Visiting Mungo National Park was one of the big things on my wish list when I started planning this trip. In fact, it was during the early stages of working out where I would go that I discovered it. I had never heard of it before but wow! It looked spectacular and maybe the closest thing to Northern Territory we have in NSW.
The Walls of China (the most spectacular part of the National Park) is a 2 hours drive (on mostly unsealed road) north of Balranald so I didn’t want to drive that. Instead I joined a day tour which began at 10am. But first I had to drive across the Hay Plain for 1.5 hours to get to Balranald.
I left Hay at 7:30am and really enjoyed the drive. There is something really special about the feeling of openness and remoteness… it’s hard to put into words, but I loved even minute crossing the Hay Plain.
It was a bit surreal being able to see so far ahead especially seeing the trucks like boxes on the horizon. When I started the drive there were five trucks (big B-doubles) ahead of me which I overtook one by one. Lots of trucks (and a number of road-trains) coming the other way as well and a few cars.
As mentioned above, we had a 2 hour drive from Balranald to get to Mungo National Park and most of the way it was similar landscape. Apart from one pub 20 minutes north of the small town of Balranald, we didn’t pass any town or houses but at two spots on the road there were emergency water tanks. This is truly remote and it is called the Outback.
This photo shows lots of old man saltbush which sheep can eat. We did pass some sheep belonging to Bidura Station which is 24,550 hectares in size (which I think is 60,000 acres).
The next stop was Belah Woodland with Casuarinas (I recognised them) and blue bush ground cover. It was great to have a guide explain what we were looking at and it made me think of my sister and all the bushwalks (hikes) we did years ago.
I quickly walked about the exhibit (all about the oldest human remains found in Australia) so that I could do a sketch of the woolshed before lunch. It was hard to see what I was doing in the bright midday sun.
This is an aerial photo showing the extent of the sand dunes – called lunettes – around the edge of Lake Mungo (a totally dry lake). It’s only a narrow band of sand and as you will see shortly much smaller than you would think from all the marketing photos! But it was still very impressive!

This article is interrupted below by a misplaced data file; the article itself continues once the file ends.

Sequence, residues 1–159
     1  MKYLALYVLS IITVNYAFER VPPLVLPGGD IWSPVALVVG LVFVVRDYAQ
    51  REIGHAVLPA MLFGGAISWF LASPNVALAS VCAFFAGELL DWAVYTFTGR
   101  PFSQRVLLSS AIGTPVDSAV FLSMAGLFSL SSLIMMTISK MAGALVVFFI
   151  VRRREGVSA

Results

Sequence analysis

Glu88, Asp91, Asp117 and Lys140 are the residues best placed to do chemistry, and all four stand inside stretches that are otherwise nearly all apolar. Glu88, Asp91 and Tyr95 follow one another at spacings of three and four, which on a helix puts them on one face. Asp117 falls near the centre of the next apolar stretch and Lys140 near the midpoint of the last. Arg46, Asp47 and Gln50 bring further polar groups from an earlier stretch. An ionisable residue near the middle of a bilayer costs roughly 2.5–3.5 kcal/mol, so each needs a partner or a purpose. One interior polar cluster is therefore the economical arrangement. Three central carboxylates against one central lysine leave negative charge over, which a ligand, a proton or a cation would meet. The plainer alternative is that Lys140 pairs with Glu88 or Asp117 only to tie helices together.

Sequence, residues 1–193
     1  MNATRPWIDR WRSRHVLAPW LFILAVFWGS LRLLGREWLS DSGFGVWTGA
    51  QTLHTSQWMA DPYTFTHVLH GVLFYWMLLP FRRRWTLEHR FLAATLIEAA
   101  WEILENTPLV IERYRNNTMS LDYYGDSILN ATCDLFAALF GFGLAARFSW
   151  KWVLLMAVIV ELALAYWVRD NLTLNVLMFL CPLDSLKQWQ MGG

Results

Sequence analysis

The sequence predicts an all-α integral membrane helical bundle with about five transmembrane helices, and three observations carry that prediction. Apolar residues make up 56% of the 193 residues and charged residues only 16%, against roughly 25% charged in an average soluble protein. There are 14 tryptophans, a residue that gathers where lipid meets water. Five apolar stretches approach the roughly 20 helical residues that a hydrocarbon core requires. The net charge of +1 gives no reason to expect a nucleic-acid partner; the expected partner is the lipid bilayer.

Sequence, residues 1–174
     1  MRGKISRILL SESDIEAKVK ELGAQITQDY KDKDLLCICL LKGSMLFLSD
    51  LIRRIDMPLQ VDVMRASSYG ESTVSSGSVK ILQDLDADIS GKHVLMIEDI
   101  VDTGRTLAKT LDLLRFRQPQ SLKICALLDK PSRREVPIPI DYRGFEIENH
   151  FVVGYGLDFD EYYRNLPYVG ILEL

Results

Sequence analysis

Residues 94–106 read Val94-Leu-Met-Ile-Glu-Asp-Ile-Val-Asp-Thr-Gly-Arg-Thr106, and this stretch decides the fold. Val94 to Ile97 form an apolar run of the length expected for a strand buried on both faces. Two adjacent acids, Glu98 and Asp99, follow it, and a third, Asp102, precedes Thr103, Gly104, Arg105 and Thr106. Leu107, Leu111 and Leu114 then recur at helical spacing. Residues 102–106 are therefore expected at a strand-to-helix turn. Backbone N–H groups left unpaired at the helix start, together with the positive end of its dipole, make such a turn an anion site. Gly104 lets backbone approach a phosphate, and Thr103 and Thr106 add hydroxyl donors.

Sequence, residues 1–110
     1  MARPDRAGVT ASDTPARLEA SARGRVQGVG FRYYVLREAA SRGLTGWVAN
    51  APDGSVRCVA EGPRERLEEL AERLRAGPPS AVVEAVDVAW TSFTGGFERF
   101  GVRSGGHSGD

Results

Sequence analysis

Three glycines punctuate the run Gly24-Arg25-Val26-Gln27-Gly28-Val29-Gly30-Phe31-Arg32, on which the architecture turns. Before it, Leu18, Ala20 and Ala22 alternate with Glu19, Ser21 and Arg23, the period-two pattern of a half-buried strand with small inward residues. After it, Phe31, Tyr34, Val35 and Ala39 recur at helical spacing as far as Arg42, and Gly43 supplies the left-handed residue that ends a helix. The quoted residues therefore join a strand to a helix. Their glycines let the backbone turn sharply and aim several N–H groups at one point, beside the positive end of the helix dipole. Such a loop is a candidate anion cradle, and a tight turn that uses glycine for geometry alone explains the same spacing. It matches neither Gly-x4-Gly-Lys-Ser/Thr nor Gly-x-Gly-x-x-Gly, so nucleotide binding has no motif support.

Okay, time to start thinking about my sketching. I’m a little surprised that I didn’t prepare myself for the tour of the Walls and think about how I was going to sketch it. I had a very specific strategy when I visited the Wellington Caves a few weeks ago, but I just didn’t think about it until this moment!
The guide said that I was free to do my own thing but I decided to stick with the group so I got the commentary and saw everything. But involved going ahead sometimes and then lagging behind at other times so that I could maximise time for sketching.
This sketching was really hard… I was wearing sunglasses (which I normally don’t wear when sketching) but the sun was still very bright. The shadows looked really dark and my palette was dirty (if I had thought about it beforehand I would have cleaned my palette) and my water was dirty too!
But even though it was challenging it was super special to be able to sketch the Walls of China as it made me feel really connected to it – more so than if I had just taken photos.
It was hard to know what to sketch and whether I was wasting time sketching something that wasn’t as dramatic as something that might be just around the corner. This is one of the fun challenges when sketching during a guided tour. (BTW you can not go onto the Walls of China without a guide!)
I’m using my Stablo with an additional clip to secure my paint tin. My water container with blu-tac came out when I needed it and was put away when I was going up and down the ravines.
I should also mention that as well as the bright sun, it was quite windy at times. So this was truly one of the most challenging but rewarding sketching sessions I have had.
And to pass the time I tried an idea of Richard Briggs trying to gently draw a horizontal line across my page and recording the bumpiness of the road! I was laughing out loud at times.
See one of Richard’s ‘Movement Lines’ pages here.
And here are the finished spreads in full.
The next morning before leaving Balranald I stopped at a nearby historic woolshed. It is over 100m long and I recorded some crazy stats about the property it was on – 90,000-100,000 sheep, 1,000 cattle and 150 horses.
I had such a fantastic time in Balranald and I’m so happy that I was able to visit Mungo. I’m not sure when I will be able to return to this part of NSW but it’s definitely something I would like to do.